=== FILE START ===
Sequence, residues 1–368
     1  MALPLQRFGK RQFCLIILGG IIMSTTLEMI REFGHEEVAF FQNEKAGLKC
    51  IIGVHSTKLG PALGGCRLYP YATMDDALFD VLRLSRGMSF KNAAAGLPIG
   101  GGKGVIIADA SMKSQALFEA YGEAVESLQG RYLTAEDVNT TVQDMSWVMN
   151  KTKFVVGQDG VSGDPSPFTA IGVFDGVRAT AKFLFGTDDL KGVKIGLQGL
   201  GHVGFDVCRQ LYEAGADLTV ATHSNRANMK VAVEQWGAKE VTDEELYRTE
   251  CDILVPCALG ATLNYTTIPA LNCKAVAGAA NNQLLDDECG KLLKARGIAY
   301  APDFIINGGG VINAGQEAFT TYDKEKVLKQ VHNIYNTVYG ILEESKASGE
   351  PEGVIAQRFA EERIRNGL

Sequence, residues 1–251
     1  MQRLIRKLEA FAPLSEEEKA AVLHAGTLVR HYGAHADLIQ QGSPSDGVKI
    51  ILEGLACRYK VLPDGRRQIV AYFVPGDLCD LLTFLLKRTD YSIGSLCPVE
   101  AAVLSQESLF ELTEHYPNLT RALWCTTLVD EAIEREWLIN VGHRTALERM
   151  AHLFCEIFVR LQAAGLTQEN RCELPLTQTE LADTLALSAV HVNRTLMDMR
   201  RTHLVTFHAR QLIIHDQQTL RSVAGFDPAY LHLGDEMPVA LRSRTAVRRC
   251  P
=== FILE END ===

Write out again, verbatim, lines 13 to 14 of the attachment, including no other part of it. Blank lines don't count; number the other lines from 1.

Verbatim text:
   101  AAVLSQESLF ELTEHYPNLT RALWCTTLVD EAIEREWLIN VGHRTALERM
   151  AHLFCEIFVR LQAAGLTQEN RCELPLTQTE LADTLALSAV HVNRTLMDMR